US monetary policy

We talk a lot about US monetary policy, because they are an economic superpower, and what they do affects asset classes everywhere.

We had jobless claims out overnight, which showed another material decline (meaning a good thing) with less people filing for initial and ongoing unemployment (199k actual, 260k consensus).

We also had personal income and expenditure data, which continue to grow, with both ahead of consensus.

New home sales remain very robust.

Housing (as UCLA economics professor Edward Leamer once put it) IS the business cycle, as such we watch it closely, as one of our DAA macro market timing devices.

Low treasury rates, low mortgage rates, and ongoing demand from millennials entering their prime homebuying years continues to buoy the market.

The estimated number of moves priced into the current forward-curve structure for the US continues to rise…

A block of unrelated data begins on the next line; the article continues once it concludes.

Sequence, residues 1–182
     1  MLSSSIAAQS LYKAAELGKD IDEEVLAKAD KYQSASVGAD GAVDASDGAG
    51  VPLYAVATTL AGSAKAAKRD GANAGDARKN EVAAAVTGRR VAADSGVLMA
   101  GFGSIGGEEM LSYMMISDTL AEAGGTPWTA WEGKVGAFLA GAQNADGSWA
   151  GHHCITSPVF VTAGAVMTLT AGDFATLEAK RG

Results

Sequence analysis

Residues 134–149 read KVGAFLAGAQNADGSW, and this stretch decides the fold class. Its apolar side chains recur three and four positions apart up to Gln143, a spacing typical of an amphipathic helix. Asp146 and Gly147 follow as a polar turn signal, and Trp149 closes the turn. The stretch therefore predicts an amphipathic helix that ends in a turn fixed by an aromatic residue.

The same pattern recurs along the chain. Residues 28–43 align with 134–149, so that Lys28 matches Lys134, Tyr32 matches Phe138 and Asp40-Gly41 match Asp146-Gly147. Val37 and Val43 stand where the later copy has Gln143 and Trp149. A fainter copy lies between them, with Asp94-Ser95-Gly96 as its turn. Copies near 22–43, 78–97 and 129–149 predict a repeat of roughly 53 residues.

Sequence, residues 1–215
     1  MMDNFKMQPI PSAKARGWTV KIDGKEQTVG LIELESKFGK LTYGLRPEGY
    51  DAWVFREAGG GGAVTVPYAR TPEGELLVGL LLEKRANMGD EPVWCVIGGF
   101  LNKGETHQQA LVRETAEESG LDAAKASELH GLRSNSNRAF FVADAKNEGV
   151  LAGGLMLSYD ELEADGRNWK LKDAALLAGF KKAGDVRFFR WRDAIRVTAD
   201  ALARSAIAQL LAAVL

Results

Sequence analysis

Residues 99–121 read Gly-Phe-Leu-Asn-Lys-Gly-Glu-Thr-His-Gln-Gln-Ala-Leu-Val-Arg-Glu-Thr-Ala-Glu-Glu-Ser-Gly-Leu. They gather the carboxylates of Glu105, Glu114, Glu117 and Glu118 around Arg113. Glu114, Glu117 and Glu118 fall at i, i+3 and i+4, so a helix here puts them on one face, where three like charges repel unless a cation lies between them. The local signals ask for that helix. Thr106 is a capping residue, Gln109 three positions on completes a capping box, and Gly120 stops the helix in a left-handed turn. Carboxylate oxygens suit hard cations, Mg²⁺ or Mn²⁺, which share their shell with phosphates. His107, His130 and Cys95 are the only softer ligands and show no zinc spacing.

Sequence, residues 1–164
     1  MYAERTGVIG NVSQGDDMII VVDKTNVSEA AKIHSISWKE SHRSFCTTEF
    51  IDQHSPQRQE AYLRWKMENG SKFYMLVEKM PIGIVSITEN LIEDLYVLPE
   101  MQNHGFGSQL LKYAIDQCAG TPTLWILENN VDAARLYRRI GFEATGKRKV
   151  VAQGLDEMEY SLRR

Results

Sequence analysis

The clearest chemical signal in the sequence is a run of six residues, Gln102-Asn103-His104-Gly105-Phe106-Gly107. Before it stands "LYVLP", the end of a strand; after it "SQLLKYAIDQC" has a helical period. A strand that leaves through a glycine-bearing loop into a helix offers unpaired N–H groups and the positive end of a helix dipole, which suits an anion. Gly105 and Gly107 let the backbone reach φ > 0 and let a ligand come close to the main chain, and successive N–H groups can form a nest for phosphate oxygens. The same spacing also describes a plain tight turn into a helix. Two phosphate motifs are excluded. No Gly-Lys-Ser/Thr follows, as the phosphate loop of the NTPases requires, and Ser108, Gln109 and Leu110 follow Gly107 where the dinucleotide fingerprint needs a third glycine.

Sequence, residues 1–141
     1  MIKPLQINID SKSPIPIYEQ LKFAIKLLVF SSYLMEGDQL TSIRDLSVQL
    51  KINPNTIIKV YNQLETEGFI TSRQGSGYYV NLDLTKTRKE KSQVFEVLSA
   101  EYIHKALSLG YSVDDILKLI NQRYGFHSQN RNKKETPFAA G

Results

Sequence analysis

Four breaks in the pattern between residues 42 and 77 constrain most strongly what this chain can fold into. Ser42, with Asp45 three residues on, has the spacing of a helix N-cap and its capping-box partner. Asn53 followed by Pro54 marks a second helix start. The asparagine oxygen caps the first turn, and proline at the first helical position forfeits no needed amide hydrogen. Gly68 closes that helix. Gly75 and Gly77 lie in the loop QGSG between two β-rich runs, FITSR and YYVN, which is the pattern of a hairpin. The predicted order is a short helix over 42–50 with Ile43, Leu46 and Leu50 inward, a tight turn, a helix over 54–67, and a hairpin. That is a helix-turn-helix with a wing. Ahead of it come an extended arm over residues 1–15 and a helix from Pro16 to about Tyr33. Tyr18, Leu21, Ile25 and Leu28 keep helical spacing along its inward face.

These are being influenced, in no small part, from Federal Reserve participants, such as Mary Daly, President of the San Francisco Fed, saying on Wednesday that she supports accelerating the pace of the taper. A number of other Fed participants have made similar suggestions, which means the removal of monetary accommodation (tightening) at the margin.

Portfolio positioning

Higher rates are a threat to growth stocks. They derive much of their valuation from revenues and earnings many years out.

Value stocks, by comparison, are typically about near term earnings recoveries (e.g. to mid-cycle, or post some company specific issue) and by definition are not particularly sensitive to changes in the yield curve.

Some growth oriented sectors, like Information Technology, are trading at forward earnings multiples of over 90x.

More broadly, this mix of red hot inflation data, strong income and spending data, robust labour markets, elevated housing activity, expensive asset pricing and concomitant very low rates cannot continue.

We think it more likely that rates are the “release value”, moving higher, restraining very strong demand, and in the interim, affecting stocks and sectors that are most sensitive to changes in their terminal multiple, which, to our mind, at the moment, includes consumer discretionary, health, and technology stocks, that fall under the banner of “growth”.

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